A core component of our safety program is our Integrity Management Program under which we implement enhanced safety measures on portions of our system located closest to populated areas, as required by the DOT. Four components anchor our safety program:
Safeguarding efforts continue when the pipe is installed. Markers alert the public to the presence of a pipeline, identify pipeline rights-of-way and provide an emergency phone number.
The safety of our pipeline system always has received high priority, and we at Dominion are proud of an excellent safety record as a result. Of course, Dominion's goal is to either comply with or to exceed all the appropriate safety regulations and standards for the industry. Take a closer look at gas pipeline safety.
The two main hazards for a pipeline are puncture and corrosion. Dominion uses pipelines made of only high-strength materials that meet or exceed the standards of the natural gas industry and federal regulations. Our pipelines are made resistant to corrosion by cathodic protection. A small electrical current is relayed through the soil around the buried pipe to minimize corrosion of the pipe.
Even though pipelines operate underground and out of sight, they can be inspected from internally using modern technology. Dominion uses "smart pigging" to measure and analyze conditions along the pipeline's inner and outer walls. The "pig" device travels through the pipelines and electronically reads and records the slightest change in pipe wall thickness. These changes can pinpoint potential problems.
Throughout the pipeline system, the pressure of the gas in the pipes is monitored to make sure it remains well within the limits established by the U.S. Department of Transportation. Sophisticated computer and telecommunications equipment can detect fluctuations and control flows. Dominion's gas control centers operate 24 hours a day, seven days a week, so we are aware immediately if the pressure within a pipeline falls. In the event of such a pressure drop in one area, the control center acts to stop the gas flow to the problem area by selectively isolating sections of the pipeline. Inspections can then determine the cause of the problem and guide repairs.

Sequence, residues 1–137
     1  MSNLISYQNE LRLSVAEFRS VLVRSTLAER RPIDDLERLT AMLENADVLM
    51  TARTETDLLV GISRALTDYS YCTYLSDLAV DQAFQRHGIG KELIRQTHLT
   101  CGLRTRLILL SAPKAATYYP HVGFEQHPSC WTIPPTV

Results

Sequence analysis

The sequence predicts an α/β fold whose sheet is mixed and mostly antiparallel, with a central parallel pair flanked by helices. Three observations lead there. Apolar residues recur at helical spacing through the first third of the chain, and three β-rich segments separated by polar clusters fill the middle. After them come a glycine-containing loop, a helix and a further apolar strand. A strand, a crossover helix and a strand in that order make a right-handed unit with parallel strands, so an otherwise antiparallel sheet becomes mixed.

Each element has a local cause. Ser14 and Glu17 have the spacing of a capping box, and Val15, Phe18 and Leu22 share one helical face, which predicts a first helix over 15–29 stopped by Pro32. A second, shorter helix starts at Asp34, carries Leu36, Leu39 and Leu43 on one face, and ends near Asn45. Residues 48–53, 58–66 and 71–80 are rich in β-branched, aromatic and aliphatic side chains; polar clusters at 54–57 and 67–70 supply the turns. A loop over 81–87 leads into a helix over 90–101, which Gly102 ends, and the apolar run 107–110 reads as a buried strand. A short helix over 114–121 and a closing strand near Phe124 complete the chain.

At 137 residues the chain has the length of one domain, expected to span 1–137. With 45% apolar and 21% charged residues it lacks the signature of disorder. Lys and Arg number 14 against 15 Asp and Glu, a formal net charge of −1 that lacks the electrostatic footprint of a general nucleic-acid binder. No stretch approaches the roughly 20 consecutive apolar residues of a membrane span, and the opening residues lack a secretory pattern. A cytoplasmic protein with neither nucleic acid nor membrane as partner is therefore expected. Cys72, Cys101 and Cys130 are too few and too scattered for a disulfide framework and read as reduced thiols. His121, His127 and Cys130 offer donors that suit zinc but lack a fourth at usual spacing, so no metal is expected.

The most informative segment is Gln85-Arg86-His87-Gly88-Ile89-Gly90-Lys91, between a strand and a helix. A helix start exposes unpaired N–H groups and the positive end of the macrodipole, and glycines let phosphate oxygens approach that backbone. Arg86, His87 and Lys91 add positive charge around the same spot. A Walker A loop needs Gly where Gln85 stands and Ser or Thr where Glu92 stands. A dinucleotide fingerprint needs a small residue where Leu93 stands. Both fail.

This constant monitoring and rapid response to change ensures that the system operates safely and enhances the reliability of our service to customers.
Additionally, Dominion belongs to One-Call Systems that allow anyone planning to dig, excavate, blast or otherwise disturb the ground in the vicinity of the pipeline to make one telephone call to verify the location of a pipeline. In Pennsylvania, call 1-800-242-1776 and in West Virginia, call 1-800-245-4848. Or, call the national number 811. We have found the One-Call System to be a very effective method of protecting the pipelines.
Dominion also communicates at least annually with persons living along our pipeline rights-of-way as well as with law enforcement, fire and government officials in the areas in which we operate facilities.
In addition, we patrol our pipelines in order to detect any activity that may be taking place along the pipeline. If we spot any un-reported construction activity, we contact the contractor immediately to assure the safety of the pipeline and surrounding area.
Dominion maintains our rights-of-way by manually or mechanically mowing the grass and trimming the trees.